7 be measured by the power distribution system or it can be measured by the IT equipment itself, and the reported power consumed by the set of IT devices within a rack can be summed to obtain the rack power. The as-configured power and cooling maximum POTENTIAL SUPPLY The as-configured power and cooling supply is defined as the amount of power and cooling that could potentially be delivered to the rack level by the installed infrastructure equipment. The potential power and cooling supply will always be greater than or equal to the actual power and cooling supply. If the potential supply is greater than the actual supply, this indicates that the system is in a degraded state. This can be caused by a number of factors, such as: Blocked air filters in the cooling system A decrease in outdoor heat rejection capability due to extreme environmental conditions ( The loss of a power module in a modular UPS It is an important function of a capacity management system to recognize when the current actual supply is not the same as the design value, and to diagnose the source of the constraints of the system that are preventing realization of the design supply capacity. The current power and cooling ACTUAL SUPPLY The actual power and cooling supply at a rack is determined using information about the power and cooling distribution architecture of the data center power and cooling system, the actual current capacities of the bulk powering and cooling sources, and the effects on the available capacity of other loads. The actual power supply at a given rack is determined by knowing the available branch circuit capacity to the rack, constrained by the availability of unutilized power of upstream sources such as PDUs and UPS. In some cases, the available capacity is further constrained by the design or configuration of the power system. For example, a modular system might not be fully populated or the design may call for dual power feeds. Determining the actual cooling supply at a rack is typically more complex than determining the power supply, and is highly dependent on the air distribution architecture. Unlike the power architecture, where the flow of power is constrained by wires, airflow is typically delivered to an approximate group of racks, where it spreads among the racks based on the draw of the fans in the IT equipment. This makes the computation of available air capacity more complex and sophisticated computer models are required. In cases where the supply or return air are directly ducted to racks, the cooling supply at a rack is better defined and therefore can be computed with improved accuracy. 7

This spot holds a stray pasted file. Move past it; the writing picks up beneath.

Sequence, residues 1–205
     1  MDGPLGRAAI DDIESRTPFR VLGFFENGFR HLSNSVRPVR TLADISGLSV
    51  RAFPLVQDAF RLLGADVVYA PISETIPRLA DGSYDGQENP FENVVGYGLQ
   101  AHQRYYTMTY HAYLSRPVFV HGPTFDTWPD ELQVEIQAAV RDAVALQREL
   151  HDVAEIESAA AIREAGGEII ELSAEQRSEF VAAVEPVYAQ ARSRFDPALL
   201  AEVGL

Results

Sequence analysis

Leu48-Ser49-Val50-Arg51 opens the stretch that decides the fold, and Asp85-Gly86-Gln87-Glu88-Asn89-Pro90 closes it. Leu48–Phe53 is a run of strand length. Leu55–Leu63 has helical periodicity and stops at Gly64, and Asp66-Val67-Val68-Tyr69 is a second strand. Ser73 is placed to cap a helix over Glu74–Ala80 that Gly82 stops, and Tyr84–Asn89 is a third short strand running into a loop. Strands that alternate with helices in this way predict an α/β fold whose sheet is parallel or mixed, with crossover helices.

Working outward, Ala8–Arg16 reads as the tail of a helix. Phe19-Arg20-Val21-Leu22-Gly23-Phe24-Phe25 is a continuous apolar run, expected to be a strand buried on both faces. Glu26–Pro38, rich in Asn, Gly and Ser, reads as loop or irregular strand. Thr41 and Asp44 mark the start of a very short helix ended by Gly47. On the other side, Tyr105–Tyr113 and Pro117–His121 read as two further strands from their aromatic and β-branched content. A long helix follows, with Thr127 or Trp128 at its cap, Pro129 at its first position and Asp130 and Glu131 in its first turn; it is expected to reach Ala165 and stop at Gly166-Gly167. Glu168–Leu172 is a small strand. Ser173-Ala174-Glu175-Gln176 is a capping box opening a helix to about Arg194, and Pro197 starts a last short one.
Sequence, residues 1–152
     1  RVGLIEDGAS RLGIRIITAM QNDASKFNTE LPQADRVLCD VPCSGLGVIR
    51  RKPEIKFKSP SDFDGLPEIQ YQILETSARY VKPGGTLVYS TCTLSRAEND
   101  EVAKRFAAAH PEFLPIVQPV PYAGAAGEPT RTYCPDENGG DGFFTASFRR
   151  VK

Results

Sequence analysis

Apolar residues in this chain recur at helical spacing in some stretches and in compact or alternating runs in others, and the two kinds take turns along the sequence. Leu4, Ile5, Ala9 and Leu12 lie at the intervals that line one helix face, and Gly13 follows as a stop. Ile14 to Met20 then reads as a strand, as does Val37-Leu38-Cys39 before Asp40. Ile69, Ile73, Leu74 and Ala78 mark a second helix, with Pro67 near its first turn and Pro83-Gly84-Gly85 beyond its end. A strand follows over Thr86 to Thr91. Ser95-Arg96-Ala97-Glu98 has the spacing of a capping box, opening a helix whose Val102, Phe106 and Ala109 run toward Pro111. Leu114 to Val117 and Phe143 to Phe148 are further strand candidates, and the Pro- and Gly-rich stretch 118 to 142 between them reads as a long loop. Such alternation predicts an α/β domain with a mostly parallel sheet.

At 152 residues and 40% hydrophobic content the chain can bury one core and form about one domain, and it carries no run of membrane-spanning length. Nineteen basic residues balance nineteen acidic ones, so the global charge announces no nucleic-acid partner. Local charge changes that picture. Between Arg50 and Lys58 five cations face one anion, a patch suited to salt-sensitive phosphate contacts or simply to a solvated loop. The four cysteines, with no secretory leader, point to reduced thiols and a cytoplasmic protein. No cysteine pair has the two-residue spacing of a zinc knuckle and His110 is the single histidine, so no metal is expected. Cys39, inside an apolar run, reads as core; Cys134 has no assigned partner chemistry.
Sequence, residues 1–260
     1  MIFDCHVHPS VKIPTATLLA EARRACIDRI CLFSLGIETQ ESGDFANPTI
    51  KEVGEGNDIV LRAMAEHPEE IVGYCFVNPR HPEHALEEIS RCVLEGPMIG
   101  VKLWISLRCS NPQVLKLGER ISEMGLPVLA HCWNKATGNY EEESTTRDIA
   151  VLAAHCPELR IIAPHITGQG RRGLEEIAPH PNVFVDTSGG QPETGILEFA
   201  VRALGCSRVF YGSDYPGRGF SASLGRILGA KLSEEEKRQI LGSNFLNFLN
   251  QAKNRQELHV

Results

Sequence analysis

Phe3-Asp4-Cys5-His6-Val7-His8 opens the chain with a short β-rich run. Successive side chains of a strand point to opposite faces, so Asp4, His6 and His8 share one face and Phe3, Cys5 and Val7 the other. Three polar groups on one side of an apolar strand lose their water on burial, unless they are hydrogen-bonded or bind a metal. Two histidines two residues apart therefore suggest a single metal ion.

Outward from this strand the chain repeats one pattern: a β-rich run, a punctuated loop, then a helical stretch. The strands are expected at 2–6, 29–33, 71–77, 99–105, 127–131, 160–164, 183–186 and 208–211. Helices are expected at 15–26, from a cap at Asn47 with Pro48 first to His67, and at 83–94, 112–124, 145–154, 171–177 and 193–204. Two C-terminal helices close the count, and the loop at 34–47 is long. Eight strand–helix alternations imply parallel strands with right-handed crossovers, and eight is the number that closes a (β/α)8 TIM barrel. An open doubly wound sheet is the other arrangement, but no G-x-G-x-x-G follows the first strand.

8 Figure 3 Quantifying demand and supply at the rack level Levels shown represent the general concept, not actual levels This difference represents unused computing capacity in the rack With virtualization, the rack s actual will rise and fall as loads shift from rack to rack Design max Actual Design max Actual Over-sizing Design max Actual Design max Actual Some of this difference may represent infrastructure problems that can be fixed (typically worse for COOLING) Power and cooling DEMAND is typically the same kw of power IN produces the same kw of heat OUT from rack equipment provided by infrastructure Use CAPACITY MANAGEMENT data to Reduce TCO Increase efficiency OPTIMIZE On the SUPPLY side, reduce the gap between actual and design max i.e., get the best to-the-rack delivery from installed power/cooling infrastructure RIGHT-SIZE Reduce the gap between design max SUPPLY and design max DEMAND i.e., match power/cooling to load, to increase efficiency and reduce waste System-level Capacities The demand on power and cooling is established at the rack. The supply, as described in the previous section, must also be understood and quantified at the rack. However, the power and cooling supply system is not established rack-by-rack but is hierarchical, with supply devices such as UPSs, PDUs, and air conditioners supplying groups of racks. Bulk supply devices such as the power service entrance and cooling towers also represent sources of capacity supply that must be sufficient for the demand. Therefore, in addition to quantifying power and cooling supply capacity at the rack, it must also be quantified at the aggregate levels aligned with the supply devices. 8